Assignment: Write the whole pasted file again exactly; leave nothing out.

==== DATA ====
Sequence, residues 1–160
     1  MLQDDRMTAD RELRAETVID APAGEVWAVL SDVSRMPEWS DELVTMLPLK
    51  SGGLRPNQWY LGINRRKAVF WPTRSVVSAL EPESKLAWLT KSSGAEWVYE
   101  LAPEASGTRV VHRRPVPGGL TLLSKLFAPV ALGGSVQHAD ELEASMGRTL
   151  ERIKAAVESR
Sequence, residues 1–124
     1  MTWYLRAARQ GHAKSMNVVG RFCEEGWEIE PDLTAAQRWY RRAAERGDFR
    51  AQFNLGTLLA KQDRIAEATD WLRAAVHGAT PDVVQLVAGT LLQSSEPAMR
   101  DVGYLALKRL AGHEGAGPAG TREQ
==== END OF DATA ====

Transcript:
Sequence, residues 1–160
     1  MLQDDRMTAD RELRAETVID APAGEVWAVL SDVSRMPEWS DELVTMLPLK
    51  SGGLRPNQWY LGINRRKAVF WPTRSVVSAL EPESKLAWLT KSSGAEWVYE
   101  LAPEASGTRV VHRRPVPGGL TLLSKLFAPV ALGGSVQHAD ELEASMGRTL
   151  ERIKAAVESR
Sequence, residues 1–124
     1  MTWYLRAARQ GHAKSMNVVG RFCEEGWEIE PDLTAAQRWY RRAAERGDFR
    51  AQFNLGTLLA KQDRIAEATD WLRAAVHGAT PDVVQLVAGT LLQSSEPAMR
   101  DVGYLALKRL AGHEGAGPAG TREQ